The Bic Biro

Sculpture using Bic Cristal by Herbert Hinteregger
Designer Invented by Ladislao Biro Patented and marketed by Marcel Bich
Dates First produced 1950 and still going strong


The Bic Biro is a ballpoint pen approximately 145mm long and diameter of 9mm. The transparent barrel is hexagonal. It is made from polystyrene (transparent barrel), polypropylene (lid), tungsten carbide (ball) and brass/nickel silver (tip). The pen's lid has a small hole in it to prevent choking if accidentally swallowed.

It comes in a choice of 4 ink colours: blue, black, red and green. The colour of the lid and the end cap indicate the colour of the ink. The point size of the Bic Cristal is one millimetre and it will write for a distance of between two to three kilometres.

Prices vary but they can be bought for as little as 10p.

57 Bic Biros are sold every second amounting to 100 billion since 1950.

A Personal View

The name Biro has become the generic term for all ballpoint pens and there can hardly be a home in the UK that does not have one. Without the invention of this everyday object, that is taken for granted, we would be carrying about fountain pens and the necessary ink for refilling. Can you imagine what sort of fountain pen you would get for 10p? Leaky and unreliable? The Bic Biro is clean, reliable, long lasting and because of the transparent barrel you can see when it is running short of ink. The same cannot be said of some it's more expensive rivals.

The simple design is classless, no one would be embarassed to be seen writing with a Bic. It is the pen of the people. Kids can safely use them at school, no ink splatters on school uniform, no blobs of ink on text books.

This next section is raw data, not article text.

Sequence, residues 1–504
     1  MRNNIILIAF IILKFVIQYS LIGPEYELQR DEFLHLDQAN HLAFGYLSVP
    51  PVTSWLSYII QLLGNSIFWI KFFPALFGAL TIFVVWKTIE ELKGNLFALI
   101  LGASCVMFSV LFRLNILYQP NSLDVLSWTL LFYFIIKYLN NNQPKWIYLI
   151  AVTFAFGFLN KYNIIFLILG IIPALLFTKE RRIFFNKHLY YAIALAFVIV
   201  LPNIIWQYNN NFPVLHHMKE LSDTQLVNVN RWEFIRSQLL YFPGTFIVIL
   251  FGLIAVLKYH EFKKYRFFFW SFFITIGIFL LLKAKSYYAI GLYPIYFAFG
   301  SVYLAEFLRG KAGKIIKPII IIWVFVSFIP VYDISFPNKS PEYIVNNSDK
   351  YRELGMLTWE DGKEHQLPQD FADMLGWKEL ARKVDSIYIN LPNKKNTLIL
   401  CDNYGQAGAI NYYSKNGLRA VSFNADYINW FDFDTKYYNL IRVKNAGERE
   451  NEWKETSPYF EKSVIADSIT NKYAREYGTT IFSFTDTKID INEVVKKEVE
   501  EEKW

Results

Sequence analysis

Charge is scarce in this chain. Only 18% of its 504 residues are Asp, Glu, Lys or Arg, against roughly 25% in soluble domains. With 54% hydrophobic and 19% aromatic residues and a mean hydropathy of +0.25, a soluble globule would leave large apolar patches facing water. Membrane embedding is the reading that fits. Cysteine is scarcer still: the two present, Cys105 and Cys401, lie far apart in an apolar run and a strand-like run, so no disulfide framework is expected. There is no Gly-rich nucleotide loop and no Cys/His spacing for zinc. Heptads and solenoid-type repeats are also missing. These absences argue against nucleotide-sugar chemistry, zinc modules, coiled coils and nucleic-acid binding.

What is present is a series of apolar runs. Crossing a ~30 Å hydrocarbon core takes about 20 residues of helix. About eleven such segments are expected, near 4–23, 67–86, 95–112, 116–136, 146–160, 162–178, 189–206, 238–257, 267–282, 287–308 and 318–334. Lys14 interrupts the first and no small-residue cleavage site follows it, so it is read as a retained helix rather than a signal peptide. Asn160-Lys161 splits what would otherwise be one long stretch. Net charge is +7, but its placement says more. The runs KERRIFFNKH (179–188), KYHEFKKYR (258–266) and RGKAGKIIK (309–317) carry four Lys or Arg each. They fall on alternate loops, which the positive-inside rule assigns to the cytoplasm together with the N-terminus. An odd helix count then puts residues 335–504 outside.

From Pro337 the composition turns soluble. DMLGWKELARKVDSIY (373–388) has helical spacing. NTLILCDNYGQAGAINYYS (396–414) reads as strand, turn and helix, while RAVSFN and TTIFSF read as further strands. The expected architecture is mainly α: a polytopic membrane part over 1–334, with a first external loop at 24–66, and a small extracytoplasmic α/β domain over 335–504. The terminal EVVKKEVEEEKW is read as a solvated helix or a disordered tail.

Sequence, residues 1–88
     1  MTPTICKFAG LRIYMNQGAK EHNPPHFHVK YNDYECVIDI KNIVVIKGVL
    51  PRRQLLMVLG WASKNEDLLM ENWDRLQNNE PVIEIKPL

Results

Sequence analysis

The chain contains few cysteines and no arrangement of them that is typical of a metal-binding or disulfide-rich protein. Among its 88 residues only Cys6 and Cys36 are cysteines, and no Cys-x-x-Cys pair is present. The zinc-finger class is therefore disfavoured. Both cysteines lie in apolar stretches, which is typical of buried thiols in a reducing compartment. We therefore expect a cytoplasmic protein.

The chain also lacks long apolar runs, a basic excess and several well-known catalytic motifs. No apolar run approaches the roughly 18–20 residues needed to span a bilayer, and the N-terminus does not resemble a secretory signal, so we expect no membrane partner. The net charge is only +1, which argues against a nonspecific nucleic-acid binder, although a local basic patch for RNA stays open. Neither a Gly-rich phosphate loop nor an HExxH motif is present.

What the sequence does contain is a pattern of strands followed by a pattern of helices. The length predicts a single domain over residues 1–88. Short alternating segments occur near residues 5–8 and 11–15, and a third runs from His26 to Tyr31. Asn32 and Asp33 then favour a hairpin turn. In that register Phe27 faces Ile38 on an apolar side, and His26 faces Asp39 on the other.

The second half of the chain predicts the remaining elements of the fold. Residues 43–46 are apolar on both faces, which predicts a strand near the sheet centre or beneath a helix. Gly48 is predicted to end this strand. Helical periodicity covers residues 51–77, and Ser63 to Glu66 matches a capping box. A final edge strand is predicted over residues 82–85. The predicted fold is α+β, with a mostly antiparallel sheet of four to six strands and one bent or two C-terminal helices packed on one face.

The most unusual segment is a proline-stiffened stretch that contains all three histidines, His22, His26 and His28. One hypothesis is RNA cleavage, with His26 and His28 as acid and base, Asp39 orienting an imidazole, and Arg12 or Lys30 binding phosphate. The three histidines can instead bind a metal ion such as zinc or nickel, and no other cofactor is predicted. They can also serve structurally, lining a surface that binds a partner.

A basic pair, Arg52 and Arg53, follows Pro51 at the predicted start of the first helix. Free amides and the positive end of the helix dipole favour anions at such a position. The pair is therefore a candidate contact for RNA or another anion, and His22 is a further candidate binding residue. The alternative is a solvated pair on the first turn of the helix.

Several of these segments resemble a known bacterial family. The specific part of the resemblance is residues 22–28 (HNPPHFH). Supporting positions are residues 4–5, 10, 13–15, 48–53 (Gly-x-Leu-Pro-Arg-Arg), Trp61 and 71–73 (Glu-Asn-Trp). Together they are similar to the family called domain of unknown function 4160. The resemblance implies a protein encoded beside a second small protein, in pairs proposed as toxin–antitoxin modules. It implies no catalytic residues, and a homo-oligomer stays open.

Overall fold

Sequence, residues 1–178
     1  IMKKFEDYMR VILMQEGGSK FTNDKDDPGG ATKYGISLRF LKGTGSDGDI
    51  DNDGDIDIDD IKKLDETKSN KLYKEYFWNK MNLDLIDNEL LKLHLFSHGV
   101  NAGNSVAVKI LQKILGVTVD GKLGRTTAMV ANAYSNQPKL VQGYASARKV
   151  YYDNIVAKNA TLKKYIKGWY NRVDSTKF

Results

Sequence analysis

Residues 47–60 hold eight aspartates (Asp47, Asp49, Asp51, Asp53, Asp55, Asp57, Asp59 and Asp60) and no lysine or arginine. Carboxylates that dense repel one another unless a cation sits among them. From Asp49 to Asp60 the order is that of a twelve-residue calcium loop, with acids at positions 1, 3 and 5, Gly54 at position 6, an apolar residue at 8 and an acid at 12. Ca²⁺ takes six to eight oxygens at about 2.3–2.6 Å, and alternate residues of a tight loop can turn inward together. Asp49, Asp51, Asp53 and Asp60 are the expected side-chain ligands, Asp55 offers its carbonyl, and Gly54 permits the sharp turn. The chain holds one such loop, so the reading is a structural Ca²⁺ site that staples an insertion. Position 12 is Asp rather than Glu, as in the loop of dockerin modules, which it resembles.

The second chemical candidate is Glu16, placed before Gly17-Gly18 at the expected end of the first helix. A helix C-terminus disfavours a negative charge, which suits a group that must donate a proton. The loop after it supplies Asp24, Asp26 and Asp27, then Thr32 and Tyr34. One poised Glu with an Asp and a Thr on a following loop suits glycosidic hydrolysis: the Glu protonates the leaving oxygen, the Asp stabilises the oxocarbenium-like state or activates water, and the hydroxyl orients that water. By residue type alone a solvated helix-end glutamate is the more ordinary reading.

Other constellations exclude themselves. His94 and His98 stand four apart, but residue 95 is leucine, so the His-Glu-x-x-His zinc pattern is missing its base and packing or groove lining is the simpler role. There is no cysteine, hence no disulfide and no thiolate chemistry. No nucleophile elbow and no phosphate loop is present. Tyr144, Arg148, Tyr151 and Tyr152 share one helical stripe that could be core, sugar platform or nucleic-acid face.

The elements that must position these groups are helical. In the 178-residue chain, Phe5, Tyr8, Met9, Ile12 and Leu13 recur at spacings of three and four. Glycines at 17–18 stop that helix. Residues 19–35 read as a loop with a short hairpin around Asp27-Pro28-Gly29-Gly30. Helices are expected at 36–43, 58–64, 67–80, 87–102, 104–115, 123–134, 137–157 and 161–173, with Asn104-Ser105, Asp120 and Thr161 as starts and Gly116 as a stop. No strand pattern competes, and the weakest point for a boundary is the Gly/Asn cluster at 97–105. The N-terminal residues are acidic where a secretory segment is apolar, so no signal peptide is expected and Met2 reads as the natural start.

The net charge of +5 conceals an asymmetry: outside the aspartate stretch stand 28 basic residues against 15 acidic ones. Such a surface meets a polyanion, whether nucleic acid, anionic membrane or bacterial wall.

The Bic Biro is also an object of mystery. Yes it is true, this seemingly ordinary writing implement has strange powers! It can disappear. How often have you thrown away a Biro? I'm willing to bet that you cannot recall doing it very often if at all, and you would not be alone, so if 57 are produced every second where do they all go? Do they have the power of invisibility? or the ability to travel through time? It is one of life's great mysteries.

This simple everyday object is considered by some to be a design classic. Its functionality, truth to form, and simple clean design is why I believe it should become a style icon. Someone got there before me, the Bic Cristal pen forms part of the permanent collection of the Museum of Modern Art.


The story of the ballpoint pen begins in 1888 when John Loud, an American leather tanner, patented a roller-ball-tip marking pen. Loud invented his pen, which had a reservoir of ink and a roller ball, in order to apply thick ink to leather hides. John Loud's pen was never produced, and neither were 350 other patented designs for ball point pens over the next 30 years. The problem was the ink, if it was too thin the pen leaked, if it was too thick the pen clogged and sometimes it did both.

In 1935 Ladislas Biro and his brother Georg (who was a chemist) set about designing a new pen. The instigator was Ladislas, who was editor of a small newspaper at that time, and was fed up with the amount of time he wasted filling his fountain pen and cleaning up ink smudges. The nib of the pen often scratched or tore the newsprint he was editing. As a newspaper man, Ladislas Biro knew how important it was to have the correct ink for the purpose, and he and his brother set about formulating better inks to use in their newly designed pens.